Revealed: The Biggest Student Housing Problems in the MidlandsBack
Picture this: you think you’ve found the perfect HMO houseshare for you and your uni mates. You go to the viewing, you apply, you sign the contract – everything’s going great. Or is it?
The student housing hunt can feel like a mad rush, leaving students just happy to find anywhere to live. However, our recent survey of UK students found that problems with Midlands HMO house-share properties are much more common than you might think
In fact, 61% of students in the Midlands have experienced at least one major mishap while living in an HMO. This includes the university cities of Birmingham, Nottingham, and Stoke-on-Trent.
From damp, mould, and drainage problems, to squabbles over bills and landlords gone AWOL, our Fighting For a Fair Deal For Students campaign is uncovering some of the issues students face when living in an HMO, so you can make an informed decision when choosing your next student home.
Use our tips on how to avoid poor living conditions, understand your tenant rights, and most importantly of all, have the best student living experience possible. Check out the research, resources, and expert advice we’ve collated as part of our mission to make quality student housing the UK norm.
Keep reading to find out how you can avoid the five biggest problems in Midlands HMO house shares:
Damp and mould
In our survey, almost half of the Midlands students we surveyed reported that their HMO house share had suffered from damp and mouldy conditions. This figure varied across cities in the region, with as many as 63% of Nottingham’s students reporting damp and mould.
Damp is a tricky issue to solve. The causes are often not immediately obvious, which can create debate about who is responsible for tackling it.
Generally, student tenants are responsible for preventing any damp and mould caused by:
- Failure to properly heat the property.
- Not making use of ventilation measures like fans.
- Not opening windows when cooking or showering.
- Hanging washing to dry inside.
All of these activities raise the moisture content in the air inside your shared house, without giving it a way to escape. We recommend making sure you always do your bit to prevent mould by avoiding all of the above activities – this way, if you ever have to make a complaint about damp and mould, you can make it clear to your landlord that you are taking all the appropriate measures.
On the other hand, your HMO landlord must take action against an ongoing mould problem if:
- Its causes are structural – relating to the building’s walls, roof, guttering, render, a leak or burst pipe.
- It’s negatively impacting your health – mould can cause allergic reactions, respiratory illness, and asthma attacks.
- The property lacks ventilation or insulation measures – as above cooking appliances and bathroom vents are essential to managing humidity in homes, while insulation helps to keep the property warm and prevent intrusive damp.
If any or multiple of these causes are present, your landlord is legally required to conduct the appropriate repair and maintenance work to bring the property up to standards.
Ultimately, to avoid being blamed for damp and mould that isn’t your fault, be sure to identify it before deciding to move in. Use our helpful property viewing checklist to spot the signs.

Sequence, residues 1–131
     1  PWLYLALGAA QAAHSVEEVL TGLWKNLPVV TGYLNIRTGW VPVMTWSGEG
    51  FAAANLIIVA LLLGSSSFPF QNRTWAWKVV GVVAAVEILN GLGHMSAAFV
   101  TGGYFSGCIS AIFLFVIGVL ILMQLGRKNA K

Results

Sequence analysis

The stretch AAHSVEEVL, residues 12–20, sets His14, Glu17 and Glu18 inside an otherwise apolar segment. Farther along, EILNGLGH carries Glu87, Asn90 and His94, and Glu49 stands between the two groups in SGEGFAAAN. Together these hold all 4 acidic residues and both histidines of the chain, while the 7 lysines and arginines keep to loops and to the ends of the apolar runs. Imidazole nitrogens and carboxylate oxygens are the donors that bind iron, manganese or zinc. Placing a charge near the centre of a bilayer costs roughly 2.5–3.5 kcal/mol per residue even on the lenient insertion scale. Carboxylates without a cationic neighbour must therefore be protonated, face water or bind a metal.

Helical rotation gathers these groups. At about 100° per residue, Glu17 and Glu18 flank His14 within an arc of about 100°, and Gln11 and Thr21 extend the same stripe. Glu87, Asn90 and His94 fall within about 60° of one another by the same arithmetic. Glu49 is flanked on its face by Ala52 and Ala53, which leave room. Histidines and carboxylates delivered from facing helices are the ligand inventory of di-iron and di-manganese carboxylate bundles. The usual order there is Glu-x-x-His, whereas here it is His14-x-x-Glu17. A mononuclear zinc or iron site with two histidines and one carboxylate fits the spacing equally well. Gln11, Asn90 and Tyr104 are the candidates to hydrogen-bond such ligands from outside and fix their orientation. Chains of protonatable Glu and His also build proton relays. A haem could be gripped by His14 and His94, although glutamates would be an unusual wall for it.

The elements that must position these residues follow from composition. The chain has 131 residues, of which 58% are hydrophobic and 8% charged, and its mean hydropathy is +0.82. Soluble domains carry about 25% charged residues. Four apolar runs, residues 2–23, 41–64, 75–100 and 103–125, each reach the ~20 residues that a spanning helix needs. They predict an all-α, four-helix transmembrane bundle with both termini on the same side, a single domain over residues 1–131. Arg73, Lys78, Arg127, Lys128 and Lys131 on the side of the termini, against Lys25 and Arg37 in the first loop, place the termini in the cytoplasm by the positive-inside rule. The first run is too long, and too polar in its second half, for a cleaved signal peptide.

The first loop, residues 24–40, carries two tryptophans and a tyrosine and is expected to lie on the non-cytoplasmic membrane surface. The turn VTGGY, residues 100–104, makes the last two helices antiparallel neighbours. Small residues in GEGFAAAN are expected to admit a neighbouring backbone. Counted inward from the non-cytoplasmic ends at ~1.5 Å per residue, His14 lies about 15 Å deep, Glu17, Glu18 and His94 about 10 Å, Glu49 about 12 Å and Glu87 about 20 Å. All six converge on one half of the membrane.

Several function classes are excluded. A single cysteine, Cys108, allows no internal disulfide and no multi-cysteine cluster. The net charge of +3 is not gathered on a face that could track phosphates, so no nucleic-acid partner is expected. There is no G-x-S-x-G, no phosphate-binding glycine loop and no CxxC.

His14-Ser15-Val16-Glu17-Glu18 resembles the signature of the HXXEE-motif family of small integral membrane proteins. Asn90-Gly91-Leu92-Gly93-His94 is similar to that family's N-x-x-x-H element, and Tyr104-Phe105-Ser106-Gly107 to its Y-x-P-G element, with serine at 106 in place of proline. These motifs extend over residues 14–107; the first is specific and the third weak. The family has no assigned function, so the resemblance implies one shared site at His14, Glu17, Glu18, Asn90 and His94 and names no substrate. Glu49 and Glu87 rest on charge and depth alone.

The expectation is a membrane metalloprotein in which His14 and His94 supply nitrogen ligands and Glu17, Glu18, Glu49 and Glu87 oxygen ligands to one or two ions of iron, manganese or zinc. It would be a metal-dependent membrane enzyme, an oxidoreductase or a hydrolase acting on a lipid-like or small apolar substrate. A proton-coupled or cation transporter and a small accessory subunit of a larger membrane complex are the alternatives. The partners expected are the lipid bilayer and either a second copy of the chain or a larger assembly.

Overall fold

Did you know? Reports of damp and mould in student HMOs are much higher in the Midlands than the national average. According to our survey, 42% of the UK’s students discover damp and mould in their house share, compared to 48% of students in Nottingham, Stoke-on-Trent, and Birmingham.
Electricity is one of the pillars of modern life. It’s hard to imagine the student experience without it. From online study sessions to gaming marathons to doing your hair before a night out – students arrive at uni with more appliances than ever before.
Our survey revealed that 33% of Midlands students had electrical faults in their HMO, with the figure rising to a shocking 88% of Nottingham students.
Electrical faults can be caused by either landlord neglect or a tenant’s lack of knowledge about electrical safety.
What can you do to avoid dangerous electrical faults in your house share?
- Avoid overloading plug sockets or adaptors – you may have a lot of gadgets, but you don’t need to use all of them at once.
- Never use faulty or visibly damaged appliances – this includes those with cracked plugs or frayed wires.
- Test your smoke alarm regularly – your landlord should have provided this, but it’s up to you to make sure it’s in working order.
- Never cook or use heat-producing appliances while drunk – this includes hair straighteners.
- Don’t store anything on top of your microwave – this can block the vents and cause overheating.
What should your landlord do to ensure electrical safety?
- Have all repairs conducted by a certified electrician. It may be tempting to attempt repairs yourself, but don’t. Always report faults to your landlord.
- Ensure the property and any included appliances meet the government electrical safety standards.
- Inspect and test wiring, fuse boxes, sockets, and any other fixed electrical parts in the property at least every five years.
- Provide an electrical safety certificate for the property, alongside your tenancy agreement.
Did you know? Electrical problems don’t just mean a blown fuse in an appliance or going without power for a while. Faulty electrics cause around 4,000 fires in UK homes each year. Being responsible when using electrical appliances and ensuring your HMO has safe wiring are essential for preventing house fires and decreasing your risk of accidental electrocution.